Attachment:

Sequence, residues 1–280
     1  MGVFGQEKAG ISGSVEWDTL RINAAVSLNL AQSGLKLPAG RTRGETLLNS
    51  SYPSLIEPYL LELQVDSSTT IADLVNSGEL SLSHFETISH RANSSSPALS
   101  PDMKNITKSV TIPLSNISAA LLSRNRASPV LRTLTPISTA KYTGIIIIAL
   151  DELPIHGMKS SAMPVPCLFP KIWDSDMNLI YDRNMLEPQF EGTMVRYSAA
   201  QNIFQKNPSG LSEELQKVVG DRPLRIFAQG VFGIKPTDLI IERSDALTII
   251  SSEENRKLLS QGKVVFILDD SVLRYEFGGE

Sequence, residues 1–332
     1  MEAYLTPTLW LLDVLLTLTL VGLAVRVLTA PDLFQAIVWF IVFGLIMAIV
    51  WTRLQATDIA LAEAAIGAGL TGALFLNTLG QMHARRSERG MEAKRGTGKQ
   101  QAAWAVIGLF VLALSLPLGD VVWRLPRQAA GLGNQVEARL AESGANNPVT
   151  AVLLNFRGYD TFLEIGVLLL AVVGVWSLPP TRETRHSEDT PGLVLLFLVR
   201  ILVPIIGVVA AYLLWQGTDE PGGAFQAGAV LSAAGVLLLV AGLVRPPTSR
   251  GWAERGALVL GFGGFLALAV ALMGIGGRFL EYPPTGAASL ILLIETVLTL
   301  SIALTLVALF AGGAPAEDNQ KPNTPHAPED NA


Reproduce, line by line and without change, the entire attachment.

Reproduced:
Sequence, residues 1–280
     1  MGVFGQEKAG ISGSVEWDTL RINAAVSLNL AQSGLKLPAG RTRGETLLNS
    51  SYPSLIEPYL LELQVDSSTT IADLVNSGEL SLSHFETISH RANSSSPALS
   101  PDMKNITKSV TIPLSNISAA LLSRNRASPV LRTLTPISTA KYTGIIIIAL
   151  DELPIHGMKS SAMPVPCLFP KIWDSDMNLI YDRNMLEPQF EGTMVRYSAA
   201  QNIFQKNPSG LSEELQKVVG DRPLRIFAQG VFGIKPTDLI IERSDALTII
   251  SSEENRKLLS QGKVVFILDD SVLRYEFGGE

Sequence, residues 1–332
     1  MEAYLTPTLW LLDVLLTLTL VGLAVRVLTA PDLFQAIVWF IVFGLIMAIV
    51  WTRLQATDIA LAEAAIGAGL TGALFLNTLG QMHARRSERG MEAKRGTGKQ
   101  QAAWAVIGLF VLALSLPLGD VVWRLPRQAA GLGNQVEARL AESGANNPVT
   151  AVLLNFRGYD TFLEIGVLLL AVVGVWSLPP TRETRHSEDT PGLVLLFLVR
   201  ILVPIIGVVA AYLLWQGTDE PGGAFQAGAV LSAAGVLLLV AGLVRPPTSR
   251  GWAERGALVL GFGGFLALAV ALMGIGGRFL EYPPTGAASL ILLIETVLTL
   301  SIALTLVALF AGGAPAEDNQ KPNTPHAPED NA